Appeal from Circuit Court of Sangamon County. No. 95MR116. Honorable Donald M. Cadagin, Judge Presiding.
As Corrected July 8, 1997. Rehearing Denied October 21, 1997. Released for Publication October 21, 1997.
Honorable William E. Holdridge, J., Honorable John T. McCullough, J. - Concur, Thomas R. Rakowski, J. - Concur, Honorable Michael J. Colwell, J. - Concur, Honorable Philip J. Rarick, J. - Concur. Justice Holdridge delivered the opinion of the court. McCULLOUGH, P.j., and Rakowski, Colwell, and Rarick, JJ., concur.
The opinion of the court was delivered by: Holdridge
The Honorable Justice HOLDRIDGE delivered the opinion of the court:
Respondent, City of Springfield, appeals from an order of the Industrial Commission (Commission) that awarded benefits to B.K. (claimant) for a psychological injury suffered after her supervisor forced her to engage in five acts of nonconsensual sexual intercourse over a five-month period of time. Claimant maintains she suffers from debilitating depression because of the assaults. Respondent maintains that the five encounters were consensual and that claimant suffered no physical trauma from which her present psychological condition could have arisen. At issue is whether the Commission erred in finding claimant established a compensable psychic injury under the "physical-mental injury" theory of compensability. See Pathfinder Co. v. Industrial Comm'n, 62 Ill. 2d 556, 563, 343 N.E.2d 913, 917 (1976). For the reasons discussed below, we affirm the decision of the Commission.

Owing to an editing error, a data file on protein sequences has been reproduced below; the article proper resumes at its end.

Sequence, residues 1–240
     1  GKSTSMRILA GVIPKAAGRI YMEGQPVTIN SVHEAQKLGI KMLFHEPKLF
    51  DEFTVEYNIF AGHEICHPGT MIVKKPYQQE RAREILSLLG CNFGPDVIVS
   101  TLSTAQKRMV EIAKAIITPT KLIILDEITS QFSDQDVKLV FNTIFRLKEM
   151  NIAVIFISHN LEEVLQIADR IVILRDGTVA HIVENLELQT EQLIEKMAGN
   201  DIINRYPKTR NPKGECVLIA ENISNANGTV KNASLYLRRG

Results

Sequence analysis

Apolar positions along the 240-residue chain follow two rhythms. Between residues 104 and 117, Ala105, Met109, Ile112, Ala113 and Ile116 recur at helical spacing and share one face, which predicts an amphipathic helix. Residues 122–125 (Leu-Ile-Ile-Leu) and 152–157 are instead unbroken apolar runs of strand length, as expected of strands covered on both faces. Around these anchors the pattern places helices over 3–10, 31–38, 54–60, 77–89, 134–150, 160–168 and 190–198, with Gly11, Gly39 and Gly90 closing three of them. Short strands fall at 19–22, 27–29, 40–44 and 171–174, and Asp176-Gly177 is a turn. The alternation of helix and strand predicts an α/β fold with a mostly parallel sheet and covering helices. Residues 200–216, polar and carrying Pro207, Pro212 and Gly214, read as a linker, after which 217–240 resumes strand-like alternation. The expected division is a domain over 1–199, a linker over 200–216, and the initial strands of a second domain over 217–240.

Because the parties and this court are familiar with the facts of this case, it is unnecessary to recite them at length. Only those facts necessary to an understanding of our disposition of this matter will be discussed.
Claimant testified that during the period August 1991 through January 1992, her supervisor made verbal and physical sexual advances toward her and forced her to engage in nonconsensual intercourse on at least five occasions at work and elsewhere. Claimant testified that although she resisted and told him "don't," he continued to grab her, pin her down, and pin her against walls. Claimant also testified that, on one occasion, while she was resisting his advances, he mentioned the name of another female coworker and implied that she could take claimant's job. Claimant stated that she did not report this conduct because she was afraid no one would believe her and she was afraid of losing her job.
In February 1993, after hearing that another female coworker had filed sexual harassment charges against the same supervisor, claimant reported her incidents to her supervisor's superiors. Thereafter, claimant became very emotional, could not sleep, and was frightened to be at work. After the incidents became public, she stated that she was isolated by coworkers, some of whom verbally and physically confronted her. She was made the subject of graffiti and made to sit next to her supervisor during certain meetings. Claimant was removed from the direct supervision of the supervisor who allegedly assaulted her.